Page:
Those who are familiar with my philosophical outlook will know that I describe human beings as puppets under the control of an omnipresent God. It’s important to mention that I use the word puppets rather than the word robots to describe human beings, and there’s a significant difference between the two. Robots are pre-programmed and function automatically, whereas puppets are actively controlled by a puppeteer who has the ability to act spontaneously. The latter description is, I believe, an accurate analogy for the human/God relationship.
According to this view, there is a sense in which we are all trapped in our human bodies. Our lack of free will means we have no control over our past, present, or future — we are entirely at the disposal of the will of a sovereign God. In fact, take away the sovereign God from our human activity and there is nothing left. Now the title of this article should be making more sense.
I believe that, in reality, God is all that exists. Every created being is something God has manifested within Himself (because He is everywhere and nothing exists outside of His being). So we are all manifestations, or expressions, or aspects of God.
There is a play going on in which I feel as though I am Steven Colborne, but it is simply a mode of mind under God’s control that makes me feel this way. God could quite easily, in any moment, change my thoughts so that I identify as a different person. Indeed, there is evidence of this in the way psychiatric patients often have the experience of identifying as Jesus or another major figure from history for a period of time.
It’s possible for a human being’s thoughts to be changed so that they experience themselves as an entirely different person. In what sense, then, did the former person really exist?
Take away the impressions in consciousness with which you identify and you don’t have a being with a life story any more – you have the puppet without the puppeteer; an empty vessel. This is why, when we die, our bodies are just empty shells. And this is why I can say I don’t even exist.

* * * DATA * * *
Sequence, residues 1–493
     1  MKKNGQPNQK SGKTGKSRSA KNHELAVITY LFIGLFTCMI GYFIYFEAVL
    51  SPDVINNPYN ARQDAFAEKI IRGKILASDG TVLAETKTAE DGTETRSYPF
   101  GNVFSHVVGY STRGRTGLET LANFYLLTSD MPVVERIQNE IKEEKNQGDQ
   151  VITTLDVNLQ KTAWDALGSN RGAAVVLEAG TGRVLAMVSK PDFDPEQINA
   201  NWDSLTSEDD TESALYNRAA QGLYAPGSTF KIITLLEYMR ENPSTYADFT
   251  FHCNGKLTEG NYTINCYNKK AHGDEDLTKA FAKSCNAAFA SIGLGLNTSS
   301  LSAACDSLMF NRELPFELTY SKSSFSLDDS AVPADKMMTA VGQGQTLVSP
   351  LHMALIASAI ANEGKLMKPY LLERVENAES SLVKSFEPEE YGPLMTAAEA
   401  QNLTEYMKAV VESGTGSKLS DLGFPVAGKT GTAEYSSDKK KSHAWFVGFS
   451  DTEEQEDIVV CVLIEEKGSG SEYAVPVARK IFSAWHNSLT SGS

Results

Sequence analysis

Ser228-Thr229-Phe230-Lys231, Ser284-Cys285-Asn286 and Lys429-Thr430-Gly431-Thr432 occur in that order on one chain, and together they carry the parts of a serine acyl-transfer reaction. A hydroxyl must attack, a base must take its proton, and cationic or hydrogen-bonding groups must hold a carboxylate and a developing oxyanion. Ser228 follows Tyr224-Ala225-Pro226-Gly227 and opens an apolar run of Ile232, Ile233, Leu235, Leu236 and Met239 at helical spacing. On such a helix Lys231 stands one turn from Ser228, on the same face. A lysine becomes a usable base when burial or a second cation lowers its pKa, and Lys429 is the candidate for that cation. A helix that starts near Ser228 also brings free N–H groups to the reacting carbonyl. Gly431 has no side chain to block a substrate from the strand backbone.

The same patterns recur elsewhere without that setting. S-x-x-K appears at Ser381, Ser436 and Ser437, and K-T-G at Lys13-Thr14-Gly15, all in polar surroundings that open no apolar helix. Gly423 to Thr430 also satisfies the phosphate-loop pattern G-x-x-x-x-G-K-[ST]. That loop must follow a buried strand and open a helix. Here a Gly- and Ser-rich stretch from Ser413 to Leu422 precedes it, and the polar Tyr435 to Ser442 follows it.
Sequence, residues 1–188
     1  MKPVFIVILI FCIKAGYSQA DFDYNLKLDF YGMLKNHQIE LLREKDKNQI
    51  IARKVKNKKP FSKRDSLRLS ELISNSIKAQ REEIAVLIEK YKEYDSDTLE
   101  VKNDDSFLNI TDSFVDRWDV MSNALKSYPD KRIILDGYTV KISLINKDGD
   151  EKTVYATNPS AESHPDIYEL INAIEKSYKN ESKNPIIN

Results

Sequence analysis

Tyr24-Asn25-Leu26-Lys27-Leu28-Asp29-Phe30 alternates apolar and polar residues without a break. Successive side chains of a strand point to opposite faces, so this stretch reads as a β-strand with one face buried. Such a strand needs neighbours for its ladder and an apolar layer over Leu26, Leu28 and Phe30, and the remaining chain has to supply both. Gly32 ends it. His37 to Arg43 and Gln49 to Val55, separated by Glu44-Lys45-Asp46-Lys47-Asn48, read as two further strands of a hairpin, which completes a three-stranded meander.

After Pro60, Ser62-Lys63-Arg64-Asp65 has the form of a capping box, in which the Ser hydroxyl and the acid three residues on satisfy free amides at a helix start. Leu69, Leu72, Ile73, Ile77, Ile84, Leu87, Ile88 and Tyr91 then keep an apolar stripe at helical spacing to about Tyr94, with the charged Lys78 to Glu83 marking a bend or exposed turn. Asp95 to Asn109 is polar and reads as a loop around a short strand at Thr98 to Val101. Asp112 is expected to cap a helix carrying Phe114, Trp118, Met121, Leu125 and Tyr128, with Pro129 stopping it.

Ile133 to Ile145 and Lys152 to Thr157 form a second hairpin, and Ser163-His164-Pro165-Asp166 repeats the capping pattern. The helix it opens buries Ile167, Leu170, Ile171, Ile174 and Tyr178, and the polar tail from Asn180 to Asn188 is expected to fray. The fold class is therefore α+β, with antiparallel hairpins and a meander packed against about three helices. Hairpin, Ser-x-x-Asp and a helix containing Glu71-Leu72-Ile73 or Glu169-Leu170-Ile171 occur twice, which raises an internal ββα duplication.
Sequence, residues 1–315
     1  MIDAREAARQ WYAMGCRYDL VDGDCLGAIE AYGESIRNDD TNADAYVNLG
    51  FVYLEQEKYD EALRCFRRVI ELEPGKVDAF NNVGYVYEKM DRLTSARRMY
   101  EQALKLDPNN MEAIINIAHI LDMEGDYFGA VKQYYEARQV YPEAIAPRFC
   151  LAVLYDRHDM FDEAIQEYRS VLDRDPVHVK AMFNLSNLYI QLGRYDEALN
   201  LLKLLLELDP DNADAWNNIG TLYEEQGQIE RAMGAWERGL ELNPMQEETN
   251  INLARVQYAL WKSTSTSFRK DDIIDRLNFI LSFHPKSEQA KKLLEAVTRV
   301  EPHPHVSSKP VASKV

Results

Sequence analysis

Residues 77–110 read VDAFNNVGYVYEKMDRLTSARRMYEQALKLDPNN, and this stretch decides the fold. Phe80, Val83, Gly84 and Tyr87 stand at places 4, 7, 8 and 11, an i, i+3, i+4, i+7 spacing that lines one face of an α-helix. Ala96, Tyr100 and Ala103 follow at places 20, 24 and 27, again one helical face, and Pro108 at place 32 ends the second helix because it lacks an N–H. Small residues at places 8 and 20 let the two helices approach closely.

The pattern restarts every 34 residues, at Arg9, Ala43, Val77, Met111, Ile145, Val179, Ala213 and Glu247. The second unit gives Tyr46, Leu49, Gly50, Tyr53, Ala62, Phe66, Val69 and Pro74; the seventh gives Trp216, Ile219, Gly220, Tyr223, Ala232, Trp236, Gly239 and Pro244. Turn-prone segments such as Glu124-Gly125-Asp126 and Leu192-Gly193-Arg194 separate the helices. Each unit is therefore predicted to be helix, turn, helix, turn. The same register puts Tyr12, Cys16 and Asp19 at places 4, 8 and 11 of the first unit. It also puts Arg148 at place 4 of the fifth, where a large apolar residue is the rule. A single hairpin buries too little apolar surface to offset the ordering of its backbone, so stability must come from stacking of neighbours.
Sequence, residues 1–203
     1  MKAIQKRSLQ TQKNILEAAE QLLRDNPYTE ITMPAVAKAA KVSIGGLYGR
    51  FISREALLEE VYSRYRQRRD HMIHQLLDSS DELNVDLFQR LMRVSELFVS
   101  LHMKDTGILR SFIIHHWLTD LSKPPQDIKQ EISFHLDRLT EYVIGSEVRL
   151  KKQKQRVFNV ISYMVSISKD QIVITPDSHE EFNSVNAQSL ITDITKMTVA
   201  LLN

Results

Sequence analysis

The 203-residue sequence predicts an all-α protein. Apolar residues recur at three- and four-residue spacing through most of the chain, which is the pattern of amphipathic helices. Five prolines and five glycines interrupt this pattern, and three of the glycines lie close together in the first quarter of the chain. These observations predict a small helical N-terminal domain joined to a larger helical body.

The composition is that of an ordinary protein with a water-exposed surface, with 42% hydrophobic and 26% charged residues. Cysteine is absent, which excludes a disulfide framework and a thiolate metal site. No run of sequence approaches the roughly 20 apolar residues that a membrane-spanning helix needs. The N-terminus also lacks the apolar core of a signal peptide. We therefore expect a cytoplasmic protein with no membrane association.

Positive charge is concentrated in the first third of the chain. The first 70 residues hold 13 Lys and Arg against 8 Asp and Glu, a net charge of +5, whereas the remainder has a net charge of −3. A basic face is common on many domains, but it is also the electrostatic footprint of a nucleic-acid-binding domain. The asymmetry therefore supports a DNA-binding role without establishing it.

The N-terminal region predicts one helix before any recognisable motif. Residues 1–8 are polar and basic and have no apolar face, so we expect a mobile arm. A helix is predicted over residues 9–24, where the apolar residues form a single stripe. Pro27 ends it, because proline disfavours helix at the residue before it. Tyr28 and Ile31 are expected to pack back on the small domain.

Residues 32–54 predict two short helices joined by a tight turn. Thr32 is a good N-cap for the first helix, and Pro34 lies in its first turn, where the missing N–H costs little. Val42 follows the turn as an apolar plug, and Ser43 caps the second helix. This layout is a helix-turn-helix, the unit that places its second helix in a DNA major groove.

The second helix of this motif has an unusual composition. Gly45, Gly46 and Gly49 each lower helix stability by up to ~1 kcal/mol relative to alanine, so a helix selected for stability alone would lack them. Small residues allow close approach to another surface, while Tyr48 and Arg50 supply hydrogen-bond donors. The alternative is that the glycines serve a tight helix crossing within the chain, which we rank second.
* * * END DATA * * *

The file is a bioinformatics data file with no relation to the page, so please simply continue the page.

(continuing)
I do believe in life after death, and that human beings have souls — entities that are described in the sacred Scriptures of all three of the major Abrahamic religions, as well as in Eastern philosophy. I do not know of what a soul consists, but I do feel it’s unlikely that God would speak about such entities so regularly in Scripture if they aren’t a reality. Because I sometimes have the experience of being a different person when dreaming, I can conclude that there is some part of me that endures — and which can have experiences — even when the physical body that I identify with in my waking state isn’t present. The existence of a soul provides a way of explaining this phenomenon.
I believe consciousness is eternal, and that there has never been any kind of non-existence. Non-existence, I believe, is an impossibility. All there is is what has always been, only God manifests Himself in different forms and expressions as the ages go by. Nothing is brought into existence, and nothing goes out of existence, though forms change. So while you don’t really exist in one sense (as the individual person with which you currently identify), you have always existed in another sense (as conscious awareness).
Considering the above argument in relation to life after death, I believe that when God annihilates a person (body and soul), their personhood ceases, but their consciousness does not; it returns to God’s consciousness — the being of God — like a river running into the sea. So, after death, some souls may exist in heaven or hell, but if and when God decides to end their lives they will return to the ‘sea’. This is to describe the way in which I believe we will all live forever.
The thoughts expressed in this article touch on some of life’s great mysteries, and I do not claim to understand everything, so take from this article what you will, and leave what you will. Certain knowledge is reserved for God alone and He will reveal as much or as little as He chooses, to whomever He chooses.
For a thorough investigation of the themes discussed in this article, I recommend reading my four-book compilation entitled ‘Puppets’, which is the most thorough exposition of my philosophical outlook available. You can find out more about the book by clicking here.